Born in Poland in 1972, digital artist Adam Martinakis currently lives and works in in Cannock, United Kingdom. His computer-generated artworks employ aspects of photorealism and surrealism to explore the human condition which he says results in a “mixture of post-fantasy futurism and abstract symbolism”.
Gravity doesn’t grant me “knock knock knock” the darkness.
Stay tame, soft river, the plague.
Only in sorrow, so lucid as i am seeking sanctuary in.
Ascend the bittersweet desire of this chess game of a storm of oil stain, stained the most fallen on the lightening finally tears from you have ourselves immune to look rather than respected.
The struggle is thrown wide, wide open arms need.
Perfectly imperfect, like a little poem.
While guilty eyes from portraits.
Four letter invitation.
Two UC Berkeley researchers have now described mathematically the successive stages in the complex evolution and disappearance of foamy bubbles (the images above are based off of a computer-generated video that uses their equations).
What purpose does this serve (besides making for some very mesmerizing GIFS…)? The work has applications in industrial processes for making metal and plastic foams (like those used to cushion bicycle helmets) and in modeling growing cell clusters, which rely on these types of equations.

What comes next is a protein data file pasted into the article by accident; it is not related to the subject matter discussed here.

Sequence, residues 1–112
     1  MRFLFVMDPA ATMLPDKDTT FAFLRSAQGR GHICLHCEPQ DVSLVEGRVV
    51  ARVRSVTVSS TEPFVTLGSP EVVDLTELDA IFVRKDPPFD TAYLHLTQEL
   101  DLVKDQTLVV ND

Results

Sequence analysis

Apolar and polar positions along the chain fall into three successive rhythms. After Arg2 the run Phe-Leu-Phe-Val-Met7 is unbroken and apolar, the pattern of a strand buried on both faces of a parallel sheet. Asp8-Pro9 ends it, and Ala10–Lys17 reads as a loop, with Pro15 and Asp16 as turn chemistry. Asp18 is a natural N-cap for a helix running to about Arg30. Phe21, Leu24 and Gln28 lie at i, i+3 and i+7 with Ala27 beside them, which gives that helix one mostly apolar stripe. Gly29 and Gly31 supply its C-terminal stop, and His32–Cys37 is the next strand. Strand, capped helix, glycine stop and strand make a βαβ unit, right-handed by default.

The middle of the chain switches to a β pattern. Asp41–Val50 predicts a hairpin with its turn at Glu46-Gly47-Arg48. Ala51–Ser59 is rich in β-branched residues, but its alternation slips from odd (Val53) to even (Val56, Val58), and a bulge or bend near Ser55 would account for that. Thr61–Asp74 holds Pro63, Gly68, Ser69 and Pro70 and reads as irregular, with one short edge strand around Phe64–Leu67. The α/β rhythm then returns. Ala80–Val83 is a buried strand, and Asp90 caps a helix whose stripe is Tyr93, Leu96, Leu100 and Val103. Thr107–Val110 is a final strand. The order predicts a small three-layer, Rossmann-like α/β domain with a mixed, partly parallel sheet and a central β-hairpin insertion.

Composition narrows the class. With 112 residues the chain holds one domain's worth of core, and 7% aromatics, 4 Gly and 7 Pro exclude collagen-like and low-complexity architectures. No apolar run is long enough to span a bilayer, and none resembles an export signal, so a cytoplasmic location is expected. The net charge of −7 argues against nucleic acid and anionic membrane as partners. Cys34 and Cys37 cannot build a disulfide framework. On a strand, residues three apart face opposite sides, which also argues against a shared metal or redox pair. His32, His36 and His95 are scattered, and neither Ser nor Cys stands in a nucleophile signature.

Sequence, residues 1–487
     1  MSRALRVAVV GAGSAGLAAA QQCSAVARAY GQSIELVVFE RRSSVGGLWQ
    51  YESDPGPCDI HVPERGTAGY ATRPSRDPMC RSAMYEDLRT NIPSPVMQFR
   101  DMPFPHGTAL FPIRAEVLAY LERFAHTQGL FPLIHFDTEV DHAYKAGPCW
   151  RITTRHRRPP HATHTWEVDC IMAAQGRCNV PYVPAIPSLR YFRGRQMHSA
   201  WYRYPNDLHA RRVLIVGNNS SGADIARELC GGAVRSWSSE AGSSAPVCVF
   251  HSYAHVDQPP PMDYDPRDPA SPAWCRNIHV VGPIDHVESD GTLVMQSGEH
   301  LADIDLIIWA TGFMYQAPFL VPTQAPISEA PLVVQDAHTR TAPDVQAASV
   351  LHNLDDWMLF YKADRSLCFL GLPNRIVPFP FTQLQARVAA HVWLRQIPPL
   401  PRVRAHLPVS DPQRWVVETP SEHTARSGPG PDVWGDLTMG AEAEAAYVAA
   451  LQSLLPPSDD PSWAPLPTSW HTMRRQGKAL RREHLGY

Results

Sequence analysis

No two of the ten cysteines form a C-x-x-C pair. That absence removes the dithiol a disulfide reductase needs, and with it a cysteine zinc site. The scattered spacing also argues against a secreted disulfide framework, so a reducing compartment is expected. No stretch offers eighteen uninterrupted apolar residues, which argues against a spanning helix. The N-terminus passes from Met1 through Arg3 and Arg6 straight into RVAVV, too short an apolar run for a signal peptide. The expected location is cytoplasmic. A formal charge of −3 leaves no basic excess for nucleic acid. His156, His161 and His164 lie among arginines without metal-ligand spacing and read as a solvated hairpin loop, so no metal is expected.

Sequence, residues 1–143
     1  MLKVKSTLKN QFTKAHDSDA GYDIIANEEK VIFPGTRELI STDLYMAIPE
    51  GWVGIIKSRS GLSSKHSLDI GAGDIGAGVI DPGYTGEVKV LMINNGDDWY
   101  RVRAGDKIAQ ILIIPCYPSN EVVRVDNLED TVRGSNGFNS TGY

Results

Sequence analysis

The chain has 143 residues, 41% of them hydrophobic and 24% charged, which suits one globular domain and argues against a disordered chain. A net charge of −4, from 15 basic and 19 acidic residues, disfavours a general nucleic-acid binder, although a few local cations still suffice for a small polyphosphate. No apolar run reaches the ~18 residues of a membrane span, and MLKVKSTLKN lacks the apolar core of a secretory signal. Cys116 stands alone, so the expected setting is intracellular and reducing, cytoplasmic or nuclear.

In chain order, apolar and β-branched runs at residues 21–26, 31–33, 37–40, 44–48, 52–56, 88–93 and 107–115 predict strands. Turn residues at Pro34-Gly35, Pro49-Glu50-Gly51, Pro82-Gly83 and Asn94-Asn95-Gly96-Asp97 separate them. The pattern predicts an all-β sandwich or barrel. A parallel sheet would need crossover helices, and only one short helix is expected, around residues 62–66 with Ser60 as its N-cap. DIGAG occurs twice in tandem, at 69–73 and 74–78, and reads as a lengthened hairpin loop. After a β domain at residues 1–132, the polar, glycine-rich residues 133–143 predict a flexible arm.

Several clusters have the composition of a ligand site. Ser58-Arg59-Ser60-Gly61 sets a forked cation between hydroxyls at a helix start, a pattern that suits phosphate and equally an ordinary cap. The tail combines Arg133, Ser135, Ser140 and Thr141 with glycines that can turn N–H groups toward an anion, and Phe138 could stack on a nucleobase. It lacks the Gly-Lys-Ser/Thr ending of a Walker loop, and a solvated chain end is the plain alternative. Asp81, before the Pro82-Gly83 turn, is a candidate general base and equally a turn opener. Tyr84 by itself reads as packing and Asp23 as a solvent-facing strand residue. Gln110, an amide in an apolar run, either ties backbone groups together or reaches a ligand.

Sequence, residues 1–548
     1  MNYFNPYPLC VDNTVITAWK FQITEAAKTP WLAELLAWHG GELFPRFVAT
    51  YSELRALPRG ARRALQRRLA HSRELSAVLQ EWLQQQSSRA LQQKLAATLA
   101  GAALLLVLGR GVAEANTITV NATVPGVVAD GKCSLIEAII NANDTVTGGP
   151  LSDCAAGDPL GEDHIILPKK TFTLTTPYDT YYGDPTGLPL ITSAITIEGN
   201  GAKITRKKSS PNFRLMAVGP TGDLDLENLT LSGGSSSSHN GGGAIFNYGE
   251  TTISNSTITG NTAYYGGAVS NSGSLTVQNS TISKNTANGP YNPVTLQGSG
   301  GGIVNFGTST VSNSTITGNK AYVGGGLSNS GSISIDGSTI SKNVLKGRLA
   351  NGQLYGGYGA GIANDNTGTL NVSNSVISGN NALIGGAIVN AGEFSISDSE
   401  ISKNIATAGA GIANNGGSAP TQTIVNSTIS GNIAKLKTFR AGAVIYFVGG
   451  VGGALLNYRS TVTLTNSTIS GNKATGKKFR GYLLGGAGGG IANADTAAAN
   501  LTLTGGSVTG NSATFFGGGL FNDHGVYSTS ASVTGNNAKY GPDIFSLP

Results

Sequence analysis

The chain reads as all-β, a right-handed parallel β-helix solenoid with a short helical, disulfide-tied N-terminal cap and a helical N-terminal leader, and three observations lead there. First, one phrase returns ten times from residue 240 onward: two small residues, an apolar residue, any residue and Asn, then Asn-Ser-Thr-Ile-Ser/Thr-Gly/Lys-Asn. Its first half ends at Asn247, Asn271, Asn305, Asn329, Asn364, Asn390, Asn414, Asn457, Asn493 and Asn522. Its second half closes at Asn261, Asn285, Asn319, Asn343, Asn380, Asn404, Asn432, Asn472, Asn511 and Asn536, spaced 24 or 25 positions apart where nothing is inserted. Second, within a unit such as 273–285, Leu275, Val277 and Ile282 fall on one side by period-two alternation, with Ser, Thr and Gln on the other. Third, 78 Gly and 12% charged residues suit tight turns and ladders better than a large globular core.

The problem with describing foams mathematically has been that the evolution of a bubble cluster a few inches across depends on what’s happening in the extremely thin walls of each bubble, which are thinner than a human hair.
Matter is a time-based digital sculpture; a celebration of matter itself, the substance of all physical things. It describes a continuous dynamic articulation of a solid, pure block of matter, from the simplest primitive forms to the highest details of geometric complexities, and vice versa… from the unpredictable grace of geological processes to the perfection, beauty and precision of man made crafts. The subject of this piece is Rodin’s sculpture Le Penseur (The Thinker), a masterpiece born as the avant-garde that has since become a universal classical icon, and now considered the bridge from classical to modern sculpture.
Created after visiting Kauai and staring West into the Pacific quite a bit during sundown […] It intentionally uses simple graphical elements to visually describe a sunset seascape ever changing in its sameness. The piece is meant to be viewed with various devices/contexts and is therefore a “responsive” composition. Aesthetically the piece pursues the reductionist purity of certain mid-century modernist perspectives but using the contemporary, generative, medium of code.